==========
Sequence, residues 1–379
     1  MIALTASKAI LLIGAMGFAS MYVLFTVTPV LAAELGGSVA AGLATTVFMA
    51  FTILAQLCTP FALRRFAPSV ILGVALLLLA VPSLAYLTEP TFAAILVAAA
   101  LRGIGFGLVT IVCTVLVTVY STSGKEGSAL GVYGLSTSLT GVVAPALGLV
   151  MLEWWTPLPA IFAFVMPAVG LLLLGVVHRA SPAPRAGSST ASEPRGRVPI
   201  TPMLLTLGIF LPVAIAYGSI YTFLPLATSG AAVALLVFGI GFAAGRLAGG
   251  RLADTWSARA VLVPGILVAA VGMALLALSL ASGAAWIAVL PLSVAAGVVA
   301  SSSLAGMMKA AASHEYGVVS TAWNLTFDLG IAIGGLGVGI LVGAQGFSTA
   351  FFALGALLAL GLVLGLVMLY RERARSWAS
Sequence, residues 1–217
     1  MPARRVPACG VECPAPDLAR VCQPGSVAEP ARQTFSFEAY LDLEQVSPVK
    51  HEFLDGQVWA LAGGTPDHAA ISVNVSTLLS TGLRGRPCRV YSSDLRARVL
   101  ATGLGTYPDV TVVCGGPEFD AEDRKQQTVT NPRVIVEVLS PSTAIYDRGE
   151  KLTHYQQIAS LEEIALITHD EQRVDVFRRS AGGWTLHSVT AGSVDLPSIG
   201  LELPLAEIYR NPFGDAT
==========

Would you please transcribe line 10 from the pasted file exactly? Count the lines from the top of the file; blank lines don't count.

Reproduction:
Sequence, residues 1–217